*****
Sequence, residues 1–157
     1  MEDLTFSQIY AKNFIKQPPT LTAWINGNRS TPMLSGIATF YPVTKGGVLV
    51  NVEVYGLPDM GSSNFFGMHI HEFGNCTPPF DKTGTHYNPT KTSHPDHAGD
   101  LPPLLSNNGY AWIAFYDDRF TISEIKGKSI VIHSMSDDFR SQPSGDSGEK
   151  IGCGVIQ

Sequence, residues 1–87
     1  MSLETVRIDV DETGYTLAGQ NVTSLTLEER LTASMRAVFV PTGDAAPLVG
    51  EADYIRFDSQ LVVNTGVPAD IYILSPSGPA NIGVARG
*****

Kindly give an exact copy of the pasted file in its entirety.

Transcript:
Sequence, residues 1–157
     1  MEDLTFSQIY AKNFIKQPPT LTAWINGNRS TPMLSGIATF YPVTKGGVLV
    51  NVEVYGLPDM GSSNFFGMHI HEFGNCTPPF DKTGTHYNPT KTSHPDHAGD
   101  LPPLLSNNGY AWIAFYDDRF TISEIKGKSI VIHSMSDDFR SQPSGDSGEK
   151  IGCGVIQ

Sequence, residues 1–87
     1  MSLETVRIDV DETGYTLAGQ NVTSLTLEER LTASMRAVFV PTGDAAPLVG
    51  EADYIRFDSQ LVVNTGVPAD IYILSPSGPA NIGVARG